Aims Bile duct changes in the form of intraepithelial neoplasia or dysplasia have been well studied in chronic biliary tract diseases. It is important to analyse the morphologic spectrum of bile duct changes in non-biliary diseases as a link has been reported between intrahepatic cholangiocarcinoma and chronic liver disease associated with viral hepatitis, metabolic syndromes and with alcohol abuse.
Methods The authors retrospectively reviewed liver explants of alcoholic liver disease (ALD)-, hepatitis C virus- and non-alcoholic fatty liver disease-related end-stage liver diseases to analyse morphologic changes in large intrahepatic bile ducts. Diagnostic criteria of biliary intraepithelial lesions at end-stage disease are discussed.
Results Majority of explants exhibited reactive changes. Normal cuboidal epithelium of septal bile ducts was observed in minority of cases. Low-grade biliary intraepithelial neoplastic lesions were identified in all cases with variable frequency. None of the cases were associated with cholangiocarcinoma. Nuclear hyperchromasia, cellular polarity and presence o inflammation were considered as differentiating points between reactive and neoplastic lesions.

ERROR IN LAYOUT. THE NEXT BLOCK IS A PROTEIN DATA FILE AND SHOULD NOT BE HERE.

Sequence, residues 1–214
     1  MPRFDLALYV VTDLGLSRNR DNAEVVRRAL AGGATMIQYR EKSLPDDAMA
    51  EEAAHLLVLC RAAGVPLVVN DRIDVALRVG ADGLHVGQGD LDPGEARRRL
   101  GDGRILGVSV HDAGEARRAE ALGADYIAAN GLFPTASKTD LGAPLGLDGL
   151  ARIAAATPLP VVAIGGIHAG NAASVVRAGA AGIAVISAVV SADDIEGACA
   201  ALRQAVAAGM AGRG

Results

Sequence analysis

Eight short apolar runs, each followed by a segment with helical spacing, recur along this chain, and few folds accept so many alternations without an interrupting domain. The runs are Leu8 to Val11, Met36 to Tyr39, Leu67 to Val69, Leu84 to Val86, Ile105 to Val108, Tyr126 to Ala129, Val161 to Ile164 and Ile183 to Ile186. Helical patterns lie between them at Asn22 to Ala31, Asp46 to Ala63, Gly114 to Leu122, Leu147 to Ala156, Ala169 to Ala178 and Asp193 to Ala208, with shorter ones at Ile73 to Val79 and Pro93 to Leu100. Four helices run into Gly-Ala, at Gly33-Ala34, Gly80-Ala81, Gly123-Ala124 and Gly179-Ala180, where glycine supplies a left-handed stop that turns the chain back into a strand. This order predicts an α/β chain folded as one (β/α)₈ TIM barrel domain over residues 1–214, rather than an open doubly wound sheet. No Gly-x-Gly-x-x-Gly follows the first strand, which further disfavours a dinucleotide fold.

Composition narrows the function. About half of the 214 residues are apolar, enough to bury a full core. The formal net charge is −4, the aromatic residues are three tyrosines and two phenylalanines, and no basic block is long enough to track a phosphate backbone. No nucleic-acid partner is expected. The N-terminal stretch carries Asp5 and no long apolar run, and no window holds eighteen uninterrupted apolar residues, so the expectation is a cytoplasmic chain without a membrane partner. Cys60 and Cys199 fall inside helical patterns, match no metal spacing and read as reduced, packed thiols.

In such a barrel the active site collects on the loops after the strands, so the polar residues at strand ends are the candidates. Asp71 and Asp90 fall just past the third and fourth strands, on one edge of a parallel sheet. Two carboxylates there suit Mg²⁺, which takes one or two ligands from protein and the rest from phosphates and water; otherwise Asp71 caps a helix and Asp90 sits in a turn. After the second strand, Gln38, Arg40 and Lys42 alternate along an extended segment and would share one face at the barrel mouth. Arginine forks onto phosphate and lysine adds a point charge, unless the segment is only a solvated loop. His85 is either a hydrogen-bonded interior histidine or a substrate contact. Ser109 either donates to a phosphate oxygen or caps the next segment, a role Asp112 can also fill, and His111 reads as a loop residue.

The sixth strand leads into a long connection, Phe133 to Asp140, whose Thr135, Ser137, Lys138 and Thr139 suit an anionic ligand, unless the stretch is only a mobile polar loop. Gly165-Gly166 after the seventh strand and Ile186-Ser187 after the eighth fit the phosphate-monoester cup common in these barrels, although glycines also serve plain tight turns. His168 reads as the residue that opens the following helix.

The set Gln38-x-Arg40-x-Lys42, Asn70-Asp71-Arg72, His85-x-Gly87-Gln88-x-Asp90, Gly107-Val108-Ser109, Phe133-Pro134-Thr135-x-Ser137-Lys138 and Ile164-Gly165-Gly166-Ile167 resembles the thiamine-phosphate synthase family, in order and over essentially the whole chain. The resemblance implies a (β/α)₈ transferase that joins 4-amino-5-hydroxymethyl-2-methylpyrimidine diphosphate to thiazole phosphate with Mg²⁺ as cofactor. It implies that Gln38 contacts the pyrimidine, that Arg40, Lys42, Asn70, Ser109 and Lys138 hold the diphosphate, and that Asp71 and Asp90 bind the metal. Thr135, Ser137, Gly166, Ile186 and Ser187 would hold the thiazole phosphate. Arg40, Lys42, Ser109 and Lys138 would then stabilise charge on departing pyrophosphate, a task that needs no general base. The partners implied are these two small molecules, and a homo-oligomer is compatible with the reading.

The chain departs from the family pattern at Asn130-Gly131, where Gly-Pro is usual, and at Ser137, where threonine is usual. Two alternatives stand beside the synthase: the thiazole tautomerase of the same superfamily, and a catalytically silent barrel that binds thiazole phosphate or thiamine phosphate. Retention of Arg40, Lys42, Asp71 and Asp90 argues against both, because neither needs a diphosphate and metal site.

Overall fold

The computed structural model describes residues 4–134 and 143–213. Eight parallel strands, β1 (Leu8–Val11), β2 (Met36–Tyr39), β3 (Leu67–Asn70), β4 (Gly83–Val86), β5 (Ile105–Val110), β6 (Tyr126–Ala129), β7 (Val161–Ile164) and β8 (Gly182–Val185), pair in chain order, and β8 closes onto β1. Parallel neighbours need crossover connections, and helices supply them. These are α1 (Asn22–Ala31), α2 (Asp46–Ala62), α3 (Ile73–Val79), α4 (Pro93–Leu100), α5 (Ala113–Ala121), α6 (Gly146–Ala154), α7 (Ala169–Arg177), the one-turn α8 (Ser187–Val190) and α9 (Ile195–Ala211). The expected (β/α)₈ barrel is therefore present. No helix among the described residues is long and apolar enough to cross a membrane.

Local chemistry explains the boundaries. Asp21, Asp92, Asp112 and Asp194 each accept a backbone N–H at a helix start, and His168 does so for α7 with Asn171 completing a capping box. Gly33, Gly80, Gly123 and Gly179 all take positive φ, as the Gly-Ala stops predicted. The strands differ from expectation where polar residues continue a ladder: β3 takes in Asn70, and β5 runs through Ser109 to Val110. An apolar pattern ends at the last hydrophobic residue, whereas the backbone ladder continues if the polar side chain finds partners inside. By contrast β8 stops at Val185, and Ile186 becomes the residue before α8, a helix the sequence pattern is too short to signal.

Conclusions At end stage of liver disease, large septal bile ducts rarely show normal morphology. Presence of low-grade biliary dysplasia at end stage signifies its frequent occurrence probably in response to alcohol/viral/metabolic syndrome-related injury.
Addition to literature Observational analysis of large bile ducts in non-biliary diseases of varied aetiology has not been discussed from this part of world where incidence of cholangiocarcinoma is low. Identifying these lesions correctly is important. The frequency of these lesions is not uncommon especially at the end-stage liver disease.
- reactive proliferation
- bile ducts
- end-stage liver disease
- ocular pathology
- liver cancer
- liver disease
Statistics from Altmetric.com
Competing interests None.
Provenance and peer review Not commissioned; externally peer reviewed.
If you wish to reuse any or all of this article please use the link below which will take you to the Copyright Clearance Center’s RightsLink service. You will be able to get a quick price and instant permission to reuse the content in many different ways.